One explanation is that people procrastinate to protect their self-images from the negative consequences that accompany poor performance. From this perspective, placing a barrier in the way of completing a task by procrastinating can allow the person to explain the causes of their behavior in a positive or negative manner.
If the person procrastinates and performs well on a task, then the person can explain the causes of the successful performance as having the ability to overcome an obstacle.
If the person procrastinates and performs poorly, in contrast, then the person can explain his or her performance by the procrastinating behavior that caused the person to perform at a suboptimal level.
Some research has shown that behavioral procrastination is related to the extent to which people place barriers in the way of completing activities to manipulate whether their performance can be explained positively or negatively.
Joseph Ferrari and Dianne Tice showed that chronic procrastinators engaged in procrastination when an upcoming task was evaluative and potentially threatening. Thus, one possible cause of procrastination is that people place barriers in the way of their goal to minimize the negative impact of possible poor performance.
Another possible cause of procrastination is a sense of self-uncertainty early in life. According to this perspective, the bonds that people form with their primary caregiver from an early age can influence the degree to which people procrastinate later in life.
People who grow up knowing that their caregiver is loving and responsive are less likely to procrastinate later in life, whereas people with a less secure attachment to their primary caregiver are more likely to procrastinate later in life.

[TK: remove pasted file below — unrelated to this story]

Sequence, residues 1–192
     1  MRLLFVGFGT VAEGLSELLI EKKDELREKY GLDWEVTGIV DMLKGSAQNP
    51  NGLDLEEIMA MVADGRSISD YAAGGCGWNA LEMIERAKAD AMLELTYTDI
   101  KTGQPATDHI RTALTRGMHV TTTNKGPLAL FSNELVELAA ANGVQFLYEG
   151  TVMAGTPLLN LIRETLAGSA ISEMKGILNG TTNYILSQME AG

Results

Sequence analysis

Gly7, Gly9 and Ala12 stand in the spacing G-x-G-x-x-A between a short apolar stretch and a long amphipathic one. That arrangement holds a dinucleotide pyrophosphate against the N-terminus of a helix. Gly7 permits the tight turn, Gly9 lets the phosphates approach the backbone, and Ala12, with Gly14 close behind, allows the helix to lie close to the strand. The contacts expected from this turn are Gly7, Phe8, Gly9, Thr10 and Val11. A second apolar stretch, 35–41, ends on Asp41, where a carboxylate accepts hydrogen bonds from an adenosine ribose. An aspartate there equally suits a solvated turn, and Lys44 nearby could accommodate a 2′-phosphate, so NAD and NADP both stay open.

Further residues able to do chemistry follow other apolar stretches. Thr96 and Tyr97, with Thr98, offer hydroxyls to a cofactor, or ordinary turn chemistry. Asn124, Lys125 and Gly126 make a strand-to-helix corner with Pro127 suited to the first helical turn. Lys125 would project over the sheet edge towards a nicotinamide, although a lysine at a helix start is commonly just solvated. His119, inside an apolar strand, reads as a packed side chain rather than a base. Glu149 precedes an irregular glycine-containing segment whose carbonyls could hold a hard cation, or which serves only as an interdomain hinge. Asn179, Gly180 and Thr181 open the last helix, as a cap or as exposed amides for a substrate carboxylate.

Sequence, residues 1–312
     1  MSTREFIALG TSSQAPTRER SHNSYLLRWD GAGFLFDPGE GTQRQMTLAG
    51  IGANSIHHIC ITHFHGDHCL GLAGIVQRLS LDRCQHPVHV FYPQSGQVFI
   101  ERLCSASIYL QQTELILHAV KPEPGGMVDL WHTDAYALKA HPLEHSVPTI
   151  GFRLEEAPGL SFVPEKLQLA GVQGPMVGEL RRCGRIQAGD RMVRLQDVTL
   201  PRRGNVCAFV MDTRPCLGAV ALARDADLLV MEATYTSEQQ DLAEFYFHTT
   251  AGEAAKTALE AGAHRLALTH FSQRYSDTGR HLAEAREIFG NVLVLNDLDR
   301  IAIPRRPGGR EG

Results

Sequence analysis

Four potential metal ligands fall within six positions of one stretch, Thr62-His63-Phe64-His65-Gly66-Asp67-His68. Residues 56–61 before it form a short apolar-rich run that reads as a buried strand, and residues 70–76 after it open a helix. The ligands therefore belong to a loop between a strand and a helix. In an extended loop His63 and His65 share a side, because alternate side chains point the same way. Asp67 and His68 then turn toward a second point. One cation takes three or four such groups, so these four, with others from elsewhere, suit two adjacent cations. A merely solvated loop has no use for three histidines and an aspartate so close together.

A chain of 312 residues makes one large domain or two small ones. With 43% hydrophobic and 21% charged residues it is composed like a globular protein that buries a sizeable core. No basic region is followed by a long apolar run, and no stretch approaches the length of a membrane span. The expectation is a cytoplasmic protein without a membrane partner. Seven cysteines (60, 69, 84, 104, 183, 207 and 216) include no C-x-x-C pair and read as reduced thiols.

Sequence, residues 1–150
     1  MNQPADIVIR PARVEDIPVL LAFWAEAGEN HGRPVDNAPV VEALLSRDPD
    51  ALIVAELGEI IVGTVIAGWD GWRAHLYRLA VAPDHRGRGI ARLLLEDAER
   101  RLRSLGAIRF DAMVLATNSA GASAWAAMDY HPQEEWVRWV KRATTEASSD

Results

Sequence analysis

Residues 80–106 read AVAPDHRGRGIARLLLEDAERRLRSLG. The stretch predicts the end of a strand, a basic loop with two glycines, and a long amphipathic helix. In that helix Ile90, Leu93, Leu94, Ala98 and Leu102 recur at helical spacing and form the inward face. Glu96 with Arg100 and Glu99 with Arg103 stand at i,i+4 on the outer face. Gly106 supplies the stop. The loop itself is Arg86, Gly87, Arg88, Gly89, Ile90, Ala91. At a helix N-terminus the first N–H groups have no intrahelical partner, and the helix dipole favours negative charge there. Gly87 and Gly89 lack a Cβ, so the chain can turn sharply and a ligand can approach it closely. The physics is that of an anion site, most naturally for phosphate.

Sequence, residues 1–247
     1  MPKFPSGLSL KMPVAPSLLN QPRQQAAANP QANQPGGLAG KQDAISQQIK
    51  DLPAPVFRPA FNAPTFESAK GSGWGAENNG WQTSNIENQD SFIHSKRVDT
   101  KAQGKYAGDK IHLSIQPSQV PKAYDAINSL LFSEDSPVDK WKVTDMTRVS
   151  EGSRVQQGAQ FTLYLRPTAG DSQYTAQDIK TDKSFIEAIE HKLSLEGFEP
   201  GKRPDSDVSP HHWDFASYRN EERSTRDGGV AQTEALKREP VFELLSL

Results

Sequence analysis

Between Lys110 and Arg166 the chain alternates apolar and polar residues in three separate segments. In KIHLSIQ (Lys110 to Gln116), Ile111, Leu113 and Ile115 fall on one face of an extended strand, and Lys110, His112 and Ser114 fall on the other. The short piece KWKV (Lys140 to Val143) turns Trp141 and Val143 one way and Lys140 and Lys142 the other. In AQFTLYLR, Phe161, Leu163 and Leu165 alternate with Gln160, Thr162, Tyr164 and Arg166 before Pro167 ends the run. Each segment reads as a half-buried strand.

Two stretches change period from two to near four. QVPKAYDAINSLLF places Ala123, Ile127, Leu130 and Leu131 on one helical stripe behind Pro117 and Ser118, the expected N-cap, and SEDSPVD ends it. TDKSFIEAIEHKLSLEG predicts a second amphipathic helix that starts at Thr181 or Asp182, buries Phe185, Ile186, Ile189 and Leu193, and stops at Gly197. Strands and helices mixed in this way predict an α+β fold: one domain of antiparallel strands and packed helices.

Other research has demonstrated that children raised by overcontrolling parents are more likely to procrastinate later in life than are children who were raised by noncontrolling parents.Procrastination affects both people's health and the quality of their work.
The objective of the present study was to identify whether Mexican researchers in psychology procrastinate (no similar studies were found during a literature review), and determine the academic, work-related and health effects of this behavior.
What is Procrastination? Definition of Procrastinating. Procrastination is the practice of carrying out less urgent tasks in preference to more urgent ones, or doing more pleasurable things in place of less pleasurable ones, and thus putting off impending tasks to a later time.
Gafni & Geri part of the assignment had to be completed by the end of the semester. Repetitions, in either part of the assignment, analysis, or comments, were . 3 Introduction Wouldn't it be wonderful if you could control your behavior? You'd avoid over-eating, alcoholism, all bad habits, procrastination, being.
I am writing my seventh speech for my Toastsmasters meeting and I am speaking about procrastination.
This article provided me with great research and information about this subject. Rational Emotive Behavior Therapy in the Context of Modern Psychological Research.
Author info: Author name – Professor, Ph.D., Daniel David; Affiliation – Babes-Bolyai University, Department of Clinical Psychology and Psychotherapy (professor), Cluj-Napoca, Romania/Mount Sinai School of Medicine, Department of Oncological Sciences (adjunct professor), New York, USA; E-mails: .